Bankruptcy will affect each person’s credit score differently depending on their unique financial situation. If you have a  strong score before we file your case, you may experience a significant dip. 

I encourage my clients to view this as an opportunity to start rebuilding from the newfound financial freedom offered by bankruptcy. If you need a bankruptcy – if bankruptcy is the appropriate solution to your financial issues, then focusing on your credit score is putting your energy into the wrong direction. We need to first focus on getting you to a financially healthy spot by eliminating your dischargeable debt, THEN we focus on your credit score.

If your credit score was already weak before seeking relief, you might not see much of any change at all – and in some cases your score may INCREASE.  You can now begin improving it without as many debts weighing you down.

My clients also receive – free – enrollment in the credit rebuilding program at 720creditscore.com. This 14-week course promises to teach you how to ethically and easily rebuild your credit after your bankruptcy discharge, to over 720, in only 24 months.

How Can I Rebuild My Credit After Bankruptcy?

One of the most important things you can do following bankruptcy is to watch your credit report closely. This can help protect you from inaccuracies, and let you get errors removed immediately to avoid adverse effects on your credit score. Also, let your bankruptcy attorney know if creditors continue to report negative items after your bankruptcy discharge. This is illegal, and we may be able to sue your creditors on your behalf and sometimes even get you a damages award (money in your pocket).

Making a career move can be difficult, but it’s important to consider the financial implications. Change too frequently, and creditors may start viewing you as unreliable – making loan approvals harder in the future down the line. Thinking twice before job hopping could save you much-needed stress in your wallet!

All your credit cards will usually close when you file bankruptcy. The 720 Credit Score program will teach you how to get new cards immediately, and how to manage those cards. It’s critical that you put all your new cards on auto-pay, and pay the balances in full every month.

How Can a Bankruptcy Lawyer Help?

A qualified bankruptcy lawyer can help you to determine when (and if) bankruptcy is your best option. We have lots of financial tools in our tool chest. Bankruptcy is only one of them. I will never recommend bankruptcy unless I believe it’s your best option.

I will help you determine which of your assets are exempt from bankruptcy, and which debts are exempt, if any. For most people (over 98% of my cases), you will keep all your property, including your vehicle.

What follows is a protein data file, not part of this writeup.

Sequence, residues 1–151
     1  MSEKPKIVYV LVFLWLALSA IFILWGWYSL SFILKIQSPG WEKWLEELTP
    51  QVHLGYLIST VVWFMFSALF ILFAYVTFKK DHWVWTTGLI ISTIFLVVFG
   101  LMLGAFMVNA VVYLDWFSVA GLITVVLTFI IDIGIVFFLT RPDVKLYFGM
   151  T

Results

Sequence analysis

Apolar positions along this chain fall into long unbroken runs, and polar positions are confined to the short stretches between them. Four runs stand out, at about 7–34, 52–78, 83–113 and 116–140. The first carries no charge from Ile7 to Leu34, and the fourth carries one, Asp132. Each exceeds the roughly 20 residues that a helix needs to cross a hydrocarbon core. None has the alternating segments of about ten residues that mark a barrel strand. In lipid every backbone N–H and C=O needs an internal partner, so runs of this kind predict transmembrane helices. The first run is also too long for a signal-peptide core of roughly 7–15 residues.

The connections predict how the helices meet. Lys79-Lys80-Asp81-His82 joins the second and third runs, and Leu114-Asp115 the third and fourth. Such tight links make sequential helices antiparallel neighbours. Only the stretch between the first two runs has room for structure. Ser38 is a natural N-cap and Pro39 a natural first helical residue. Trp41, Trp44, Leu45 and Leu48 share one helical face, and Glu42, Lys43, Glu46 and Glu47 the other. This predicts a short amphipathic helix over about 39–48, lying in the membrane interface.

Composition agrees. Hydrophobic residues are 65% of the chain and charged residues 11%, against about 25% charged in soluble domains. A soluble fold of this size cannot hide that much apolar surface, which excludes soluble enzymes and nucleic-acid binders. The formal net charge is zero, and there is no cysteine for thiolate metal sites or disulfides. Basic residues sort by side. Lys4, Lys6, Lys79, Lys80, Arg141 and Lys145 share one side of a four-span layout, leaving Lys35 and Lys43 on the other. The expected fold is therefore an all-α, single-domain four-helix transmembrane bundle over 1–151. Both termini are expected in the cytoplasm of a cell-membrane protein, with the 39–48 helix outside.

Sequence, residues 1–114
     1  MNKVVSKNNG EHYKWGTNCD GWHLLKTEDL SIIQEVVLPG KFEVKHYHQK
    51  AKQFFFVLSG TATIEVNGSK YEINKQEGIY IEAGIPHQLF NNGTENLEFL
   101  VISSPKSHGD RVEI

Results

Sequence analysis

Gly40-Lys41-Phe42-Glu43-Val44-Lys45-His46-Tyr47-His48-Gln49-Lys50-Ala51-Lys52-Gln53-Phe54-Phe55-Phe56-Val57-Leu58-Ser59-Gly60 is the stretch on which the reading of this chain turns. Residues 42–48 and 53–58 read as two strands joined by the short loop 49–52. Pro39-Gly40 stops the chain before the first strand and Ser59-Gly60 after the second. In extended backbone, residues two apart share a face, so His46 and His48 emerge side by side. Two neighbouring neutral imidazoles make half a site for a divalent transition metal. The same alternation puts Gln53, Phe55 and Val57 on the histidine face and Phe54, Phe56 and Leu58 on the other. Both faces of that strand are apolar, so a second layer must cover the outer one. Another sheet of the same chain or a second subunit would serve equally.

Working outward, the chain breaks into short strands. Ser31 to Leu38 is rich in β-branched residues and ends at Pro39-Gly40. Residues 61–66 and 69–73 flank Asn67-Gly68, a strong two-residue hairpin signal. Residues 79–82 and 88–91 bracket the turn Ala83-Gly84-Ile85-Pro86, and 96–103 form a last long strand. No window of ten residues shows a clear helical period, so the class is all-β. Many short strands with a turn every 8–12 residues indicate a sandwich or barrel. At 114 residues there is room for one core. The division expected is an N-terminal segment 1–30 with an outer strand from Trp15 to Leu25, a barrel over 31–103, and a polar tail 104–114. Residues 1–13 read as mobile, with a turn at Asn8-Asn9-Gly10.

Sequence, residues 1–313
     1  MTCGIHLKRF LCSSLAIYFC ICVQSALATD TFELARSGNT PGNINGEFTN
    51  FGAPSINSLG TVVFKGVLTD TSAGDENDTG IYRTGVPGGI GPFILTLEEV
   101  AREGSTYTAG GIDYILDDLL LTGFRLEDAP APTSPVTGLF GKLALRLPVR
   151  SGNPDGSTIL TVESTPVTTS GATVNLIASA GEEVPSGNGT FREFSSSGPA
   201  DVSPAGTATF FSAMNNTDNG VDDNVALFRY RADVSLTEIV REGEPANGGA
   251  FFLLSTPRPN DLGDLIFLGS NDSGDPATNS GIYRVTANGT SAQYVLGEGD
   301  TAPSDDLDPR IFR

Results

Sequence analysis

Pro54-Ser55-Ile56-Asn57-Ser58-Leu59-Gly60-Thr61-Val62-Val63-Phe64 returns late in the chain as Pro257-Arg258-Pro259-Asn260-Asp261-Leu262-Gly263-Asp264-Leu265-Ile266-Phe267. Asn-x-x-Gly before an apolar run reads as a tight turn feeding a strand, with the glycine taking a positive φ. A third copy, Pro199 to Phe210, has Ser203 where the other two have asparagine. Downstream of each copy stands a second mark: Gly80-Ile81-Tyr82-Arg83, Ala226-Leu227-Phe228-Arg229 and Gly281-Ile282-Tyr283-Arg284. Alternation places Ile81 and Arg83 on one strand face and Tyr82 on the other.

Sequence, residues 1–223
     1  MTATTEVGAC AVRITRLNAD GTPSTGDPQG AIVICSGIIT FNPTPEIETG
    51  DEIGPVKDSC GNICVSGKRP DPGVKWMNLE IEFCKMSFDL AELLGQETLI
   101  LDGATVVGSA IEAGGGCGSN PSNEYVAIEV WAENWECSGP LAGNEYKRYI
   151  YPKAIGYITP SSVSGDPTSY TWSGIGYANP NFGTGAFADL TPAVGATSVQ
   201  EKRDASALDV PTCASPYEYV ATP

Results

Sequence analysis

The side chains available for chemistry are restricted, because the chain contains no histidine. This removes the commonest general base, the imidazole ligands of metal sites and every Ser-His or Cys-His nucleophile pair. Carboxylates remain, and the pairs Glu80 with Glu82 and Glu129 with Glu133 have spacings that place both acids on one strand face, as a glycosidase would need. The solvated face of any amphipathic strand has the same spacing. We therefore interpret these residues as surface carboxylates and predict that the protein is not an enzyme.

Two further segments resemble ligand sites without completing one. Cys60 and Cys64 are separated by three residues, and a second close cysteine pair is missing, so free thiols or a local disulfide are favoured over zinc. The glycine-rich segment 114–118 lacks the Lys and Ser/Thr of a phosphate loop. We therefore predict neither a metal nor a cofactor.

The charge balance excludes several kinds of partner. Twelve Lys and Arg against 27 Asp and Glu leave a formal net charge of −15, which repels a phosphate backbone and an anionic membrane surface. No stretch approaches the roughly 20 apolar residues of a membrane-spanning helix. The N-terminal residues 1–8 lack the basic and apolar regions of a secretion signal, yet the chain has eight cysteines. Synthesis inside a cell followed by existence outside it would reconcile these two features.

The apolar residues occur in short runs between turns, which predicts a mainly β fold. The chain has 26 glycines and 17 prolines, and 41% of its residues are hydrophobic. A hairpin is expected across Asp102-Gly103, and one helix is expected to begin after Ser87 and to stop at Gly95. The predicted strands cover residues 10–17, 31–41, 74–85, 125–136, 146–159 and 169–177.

I will also help you file your bankruptcy accurately and protect you if any creditors become aggressive and decide to continue collecting from you after the court says not to.

Further questions? Contact me today at (805) 244-5291 for your free, in-depth debt consultation. Go ahead; I don’t bite!

Will They Take My Property if I File Bankruptcy?

It’s a popular and dangerous myth that Chapter 7 bankruptcy involves selling off assets.

In virtually all cases filed, the debtor (you) gets to keep all of your property, even your car and house. There are some exceptions, but they are infrequent, and we can discuss those if, after I analyze your situation, I believe there’s a risk of you giving up property.

Chapter 13 is more of a repayment plan for individuals. Typically a three to five-year period is set up that the individual can afford, and they work to pay off their debts during this time. Generally speaking, the remaining debt after the agreed period can be forgiven.

What Debts are Exempt from Bankruptcy?

It can feel like a huge relief to consider bankruptcy, but it is important to note that not all debt can be forgiven or legally handled in a bankruptcy process. Some of the debts which are not dischargeable are: 

  • Debt from child support or spousal support. If you are in arrears and hoping to have this debt discharged, it cannot be factored into your bankruptcy relief. 
  • Tax debt. But this is complicated. In many cases, your unpaid taxes are dischargeable. To get you a complete answer, I need to have a 10-minute conversation with you to get more information.
  • Most student loans are also exempt from bankruptcy discharge. In some rare cases, some student loan debt can be included, depending on how the loans are structured. But as a general rule of thumb, student loan debt isn’t included in bankruptcy. 
  • If you owe for a personal injury case in the past or other debts due to court orders, these are also normally non-dischargeable in bankruptcy. 
  • Court fines, DUI penalties, criminal restitution, etc.,  are also almost always not dischargeable in bankruptcy.

This isn’t an exhaustive list, and there are exceptions. Feel free to contact my office to discuss your specific debts and whether they are exempt. You can click here to pick a good time for us to chat by phone or zoom.